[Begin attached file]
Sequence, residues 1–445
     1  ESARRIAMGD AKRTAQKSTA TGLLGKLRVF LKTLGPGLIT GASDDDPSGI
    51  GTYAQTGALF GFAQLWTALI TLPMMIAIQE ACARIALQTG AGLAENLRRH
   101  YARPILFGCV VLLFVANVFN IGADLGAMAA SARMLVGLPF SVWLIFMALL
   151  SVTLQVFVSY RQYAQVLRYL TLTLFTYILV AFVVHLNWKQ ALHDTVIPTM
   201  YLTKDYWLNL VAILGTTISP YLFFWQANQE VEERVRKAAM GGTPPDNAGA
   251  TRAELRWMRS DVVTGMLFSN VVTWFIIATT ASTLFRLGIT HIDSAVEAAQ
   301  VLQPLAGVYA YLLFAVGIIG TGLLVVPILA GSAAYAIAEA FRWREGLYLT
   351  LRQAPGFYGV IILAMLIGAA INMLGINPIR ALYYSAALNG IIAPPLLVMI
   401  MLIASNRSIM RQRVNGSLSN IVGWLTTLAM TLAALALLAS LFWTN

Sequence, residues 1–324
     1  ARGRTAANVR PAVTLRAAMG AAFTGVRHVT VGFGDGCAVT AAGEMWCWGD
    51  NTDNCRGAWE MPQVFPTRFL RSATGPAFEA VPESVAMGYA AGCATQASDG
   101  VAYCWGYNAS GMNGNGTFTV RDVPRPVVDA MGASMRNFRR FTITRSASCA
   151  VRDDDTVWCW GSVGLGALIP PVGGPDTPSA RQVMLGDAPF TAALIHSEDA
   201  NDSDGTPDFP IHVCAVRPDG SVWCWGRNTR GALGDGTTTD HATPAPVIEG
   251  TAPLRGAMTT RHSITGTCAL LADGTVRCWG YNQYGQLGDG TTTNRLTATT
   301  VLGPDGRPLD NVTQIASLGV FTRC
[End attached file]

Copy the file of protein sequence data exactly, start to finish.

Sequence, residues 1–445
     1  ESARRIAMGD AKRTAQKSTA TGLLGKLRVF LKTLGPGLIT GASDDDPSGI
    51  GTYAQTGALF GFAQLWTALI TLPMMIAIQE ACARIALQTG AGLAENLRRH
   101  YARPILFGCV VLLFVANVFN IGADLGAMAA SARMLVGLPF SVWLIFMALL
   151  SVTLQVFVSY RQYAQVLRYL TLTLFTYILV AFVVHLNWKQ ALHDTVIPTM
   201  YLTKDYWLNL VAILGTTISP YLFFWQANQE VEERVRKAAM GGTPPDNAGA
   251  TRAELRWMRS DVVTGMLFSN VVTWFIIATT ASTLFRLGIT HIDSAVEAAQ
   301  VLQPLAGVYA YLLFAVGIIG TGLLVVPILA GSAAYAIAEA FRWREGLYLT
   351  LRQAPGFYGV IILAMLIGAA INMLGINPIR ALYYSAALNG IIAPPLLVMI
   401  MLIASNRSIM RQRVNGSLSN IVGWLTTLAM TLAALALLAS LFWTN

Sequence, residues 1–324
     1  ARGRTAANVR PAVTLRAAMG AAFTGVRHVT VGFGDGCAVT AAGEMWCWGD
    51  NTDNCRGAWE MPQVFPTRFL RSATGPAFEA VPESVAMGYA AGCATQASDG
   101  VAYCWGYNAS GMNGNGTFTV RDVPRPVVDA MGASMRNFRR FTITRSASCA
   151  VRDDDTVWCW GSVGLGALIP PVGGPDTPSA RQVMLGDAPF TAALIHSEDA
   201  NDSDGTPDFP IHVCAVRPDG SVWCWGRNTR GALGDGTTTD HATPAPVIEG
   251  TAPLRGAMTT RHSITGTCAL LADGTVRCWG YNQYGQLGDG TTTNRLTATT
   301  VLGPDGRPLD NVTQIASLGV FTRC